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   Table of Contents      
Year : 1980  |  Volume : 28  |  Issue : 1  |  Page : 17-18

Proptosis : A presenting feature of multiple myeloma

1 Department of Medicine, Medical College, Amritsar, India
2 Department of Ophthalmology, Medical College, Amritsar, India

Correspondence Address:
Tejpal Singh
Lecturer in Medicine, Medical College, Amritsar
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Source of Support: None, Conflict of Interest: None

PMID: 7203591

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How to cite this article:
Singh T, Datta A K, Chadha M R, Mittar PP. Proptosis : A presenting feature of multiple myeloma. Indian J Ophthalmol 1980;28:17-8

How to cite this URL:
Singh T, Datta A K, Chadha M R, Mittar PP. Proptosis : A presenting feature of multiple myeloma. Indian J Ophthalmol [serial online] 1980 [cited 2020 Oct 21];28:17-8. Available from: https://www.ijo.in/text.asp?1980/28/1/17/31040

Multiple myeloma, a disease allied to malignancy of reticuloendothelial cells is not an uncommon condition. However, the diagno­sis is often made quite late since the disease has multiple modes of presentation[4]. Since orbital involvement is rare in multiple myeloma[6], we report a case who presented with unilateral protosis with complete loss of vision.

  Case report Top

H.S. 45 years male, presented with propto­sis, pain and loss of vision involving the right eye, for the last four months. He had fracture of right clavicle one month back. There were anorexia, loss of weight and mild cough with mucoid expectoration, without fever or pain. On examination, the patient was emaciated, anaemic and had forward and outward protru­sion of the right eye ball with complete restric­tion of its movements and loss of vision. There were three cystic swellings on the right side of the head in the temporal and parietal regions [Figure - 1]. The one in the temporal regions was cystic and pulsatile. Liver was enlarged by two cms. Bony tenderness was present on involved region. Haemoglobin was 10.6 g%, total leucocyte count was 8600/cmm with a differential of 65% neutrophils, 30% lympho­cytes, 2% monocytes and 3% eosinophils with no myeloma cells in the peripheral smear. ESR was 47 mm 1st hour (Westergren). Bence-Jones proteins was absent in urine. Serum proteins were 8.2g% with albumin 4.9% and globulin 3.3g%. Blood urea and Blood sugar were normal. Serum calcium, phosphorus and alkaline phosphatase were 13.2mg%, 4.Omg% and 7.2 Bodansky unit respectively. Serum bilirubin was 0.3mg%. Thymol turbi­dity and flocculation and cephalin cholesterol flocculation & ECG were normal. X-ray skull, [Figure - 2],[Figure - 3] showed multiple punched out cystic areas and X-ray orbits revealed erosion of lesser wing of sphenoid on the right side [Figure - 2]. Bone marrow biopsy revealed myeloma cells and was diagnostic of multiple myeloma. The patient initially improved with melphalan (P-di (2-chloroethyl) amino-L­Phenylalanine) under trade name of Alkeran (Burroughs Wellcome) was given 2 mg/day orally with prednisolone 40 mg/day for one month. After this melphalan was reduced to l mg/day. Patient's general condition, proptosis, pain improved. However he expired after 5 months of therapy.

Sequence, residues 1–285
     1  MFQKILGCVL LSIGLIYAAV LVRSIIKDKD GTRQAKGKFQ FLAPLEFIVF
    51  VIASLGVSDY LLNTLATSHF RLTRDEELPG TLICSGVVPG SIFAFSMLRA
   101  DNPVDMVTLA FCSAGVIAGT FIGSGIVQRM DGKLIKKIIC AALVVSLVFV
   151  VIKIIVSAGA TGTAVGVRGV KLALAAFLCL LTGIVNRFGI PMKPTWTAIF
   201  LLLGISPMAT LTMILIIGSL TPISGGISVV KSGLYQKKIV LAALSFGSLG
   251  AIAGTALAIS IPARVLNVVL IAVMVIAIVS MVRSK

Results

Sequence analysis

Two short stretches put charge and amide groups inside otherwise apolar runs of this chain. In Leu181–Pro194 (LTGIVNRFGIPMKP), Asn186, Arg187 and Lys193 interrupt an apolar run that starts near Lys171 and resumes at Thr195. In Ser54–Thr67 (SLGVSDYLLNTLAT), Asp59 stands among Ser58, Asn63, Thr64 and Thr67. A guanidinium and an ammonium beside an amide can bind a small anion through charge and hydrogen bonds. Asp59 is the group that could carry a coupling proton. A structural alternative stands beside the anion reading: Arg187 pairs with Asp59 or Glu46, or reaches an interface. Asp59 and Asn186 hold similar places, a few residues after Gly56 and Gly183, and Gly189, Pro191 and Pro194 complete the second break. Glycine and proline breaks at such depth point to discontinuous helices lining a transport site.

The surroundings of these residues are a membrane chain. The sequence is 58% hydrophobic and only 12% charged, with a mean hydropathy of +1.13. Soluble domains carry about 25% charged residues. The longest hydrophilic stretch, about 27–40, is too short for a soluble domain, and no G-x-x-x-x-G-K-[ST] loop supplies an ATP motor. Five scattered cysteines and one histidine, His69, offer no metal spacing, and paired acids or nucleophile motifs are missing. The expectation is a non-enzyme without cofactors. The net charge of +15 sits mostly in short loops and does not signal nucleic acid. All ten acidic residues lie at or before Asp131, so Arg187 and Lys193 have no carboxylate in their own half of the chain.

Discussion Top

Multiple myeloma commonly presents with bony aches, bony tumours and anaemia, although it can involve the various of organs of the body. Ophthalmic involvement in multiple myeloma may affect the cornea, conjunctiva, uvea, retina, or extra ocular affecting the soft tissues or the adjacent bones and the latter may frequently cause proptosis. The orbital myeloma is rare and its incidence amongst orbital tumours is 0.25% (Rodman[5]). Clarks[3] collected 13 cases of multiple myeloma involv­ing the orbit from 1906 to 1953 from literature and added one of his own. Rodman and Fonts could find only 27 cases of orbital involvement in the literature and described three of their own. In 23 cases, out of 30 cases, the initial manifestation was proptosis. From India, Bamrah et all reported a case with unilateral exophthalmos and Chohan et ale described one case with bilateral involvement. The patient reported by us presented with proptosis, blindness and complete ophthalmoplegia and was initially admitted in Eye department. The spontaneous fracture of clavicle and typical radiological findings aroused suspicion of multiple myeloma and bone marrow biopsy confirmed the diagnosis.

  Summary Top

A case of multiple myeloma presenting with proptosis, complete loss of vision and ophthalmoplegia is described.

  References Top

Bamrah, V.S., Khattri, H.N. and Saigal, S. 1963. J, Assoc. of Physicians. India, 17: 621.  Back to cited text no. 1
Chohan, B.S., Parmar I.P.S., Chug T.D. and Jain, A.L., 1971, Ind. J. Ophthalmol. 19:177.  Back to cited text no. 2
Clarks, E., 1953, Brit. J. Ophthalmol, 37:543.  Back to cited text no. 3
Durant, J.R. Barry, W.E. and Learner, N., 1966, Lancet, 1:119.  Back to cited text no. 4
Rodman H.I, Font, R.L., 1972, Arch. Opht­halmol., 87:30.  Back to cited text no. 5
Wintrobe, M.M., 1974, Clinical Hematology, 7th edition, Lea, Philadalphia.  Back to cited text no. 6


  [Figure - 1], [Figure - 2], [Figure - 3]


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